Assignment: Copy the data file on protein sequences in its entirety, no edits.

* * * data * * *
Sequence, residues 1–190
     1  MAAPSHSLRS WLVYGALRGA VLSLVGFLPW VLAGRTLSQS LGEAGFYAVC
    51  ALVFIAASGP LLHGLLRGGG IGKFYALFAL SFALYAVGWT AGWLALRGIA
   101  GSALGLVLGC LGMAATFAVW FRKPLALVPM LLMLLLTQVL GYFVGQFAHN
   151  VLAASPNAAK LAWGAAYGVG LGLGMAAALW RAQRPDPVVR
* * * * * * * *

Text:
Sequence, residues 1–190
     1  MAAPSHSLRS WLVYGALRGA VLSLVGFLPW VLAGRTLSQS LGEAGFYAVC
    51  ALVFIAASGP LLHGLLRGGG IGKFYALFAL SFALYAVGWT AGWLALRGIA
   101  GSALGLVLGC LGMAATFAVW FRKPLALVPM LLMLLLTQVL GYFVGQFAHN
   151  VLAASPNAAK LAWGAAYGVG LGLGMAAALW RAQRPDPVVR